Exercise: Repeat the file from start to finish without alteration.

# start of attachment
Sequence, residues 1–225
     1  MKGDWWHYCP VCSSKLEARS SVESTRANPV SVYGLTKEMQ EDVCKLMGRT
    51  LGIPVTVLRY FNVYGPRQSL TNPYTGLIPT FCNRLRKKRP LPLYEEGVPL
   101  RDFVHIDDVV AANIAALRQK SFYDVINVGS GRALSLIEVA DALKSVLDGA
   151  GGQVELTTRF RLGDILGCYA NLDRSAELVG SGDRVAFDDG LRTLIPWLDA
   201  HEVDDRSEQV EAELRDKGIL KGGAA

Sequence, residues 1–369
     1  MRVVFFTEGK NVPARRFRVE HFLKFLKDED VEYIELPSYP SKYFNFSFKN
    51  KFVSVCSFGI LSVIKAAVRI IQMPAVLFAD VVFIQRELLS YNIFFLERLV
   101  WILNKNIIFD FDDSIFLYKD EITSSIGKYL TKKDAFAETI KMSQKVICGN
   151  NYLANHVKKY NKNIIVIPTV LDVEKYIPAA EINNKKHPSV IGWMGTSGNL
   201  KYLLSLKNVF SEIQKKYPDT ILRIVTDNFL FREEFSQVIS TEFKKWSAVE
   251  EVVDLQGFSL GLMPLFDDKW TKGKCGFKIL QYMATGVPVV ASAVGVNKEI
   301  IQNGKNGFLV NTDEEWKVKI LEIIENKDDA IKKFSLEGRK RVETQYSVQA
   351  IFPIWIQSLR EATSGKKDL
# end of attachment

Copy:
Sequence, residues 1–225
     1  MKGDWWHYCP VCSSKLEARS SVESTRANPV SVYGLTKEMQ EDVCKLMGRT
    51  LGIPVTVLRY FNVYGPRQSL TNPYTGLIPT FCNRLRKKRP LPLYEEGVPL
   101  RDFVHIDDVV AANIAALRQK SFYDVINVGS GRALSLIEVA DALKSVLDGA
   151  GGQVELTTRF RLGDILGCYA NLDRSAELVG SGDRVAFDDG LRTLIPWLDA
   201  HEVDDRSEQV EAELRDKGIL KGGAA

Sequence, residues 1–369
     1  MRVVFFTEGK NVPARRFRVE HFLKFLKDED VEYIELPSYP SKYFNFSFKN
    51  KFVSVCSFGI LSVIKAAVRI IQMPAVLFAD VVFIQRELLS YNIFFLERLV
   101  WILNKNIIFD FDDSIFLYKD EITSSIGKYL TKKDAFAETI KMSQKVICGN
   151  NYLANHVKKY NKNIIVIPTV LDVEKYIPAA EINNKKHPSV IGWMGTSGNL
   201  KYLLSLKNVF SEIQKKYPDT ILRIVTDNFL FREEFSQVIS TEFKKWSAVE
   251  EVVDLQGFSL GLMPLFDDKW TKGKCGFKIL QYMATGVPVV ASAVGVNKEI
   301  IQNGKNGFLV NTDEEWKVKI LEIIENKDDA IKKFSLEGRK RVETQYSVQA
   351  IFPIWIQSLR EATSGKKDL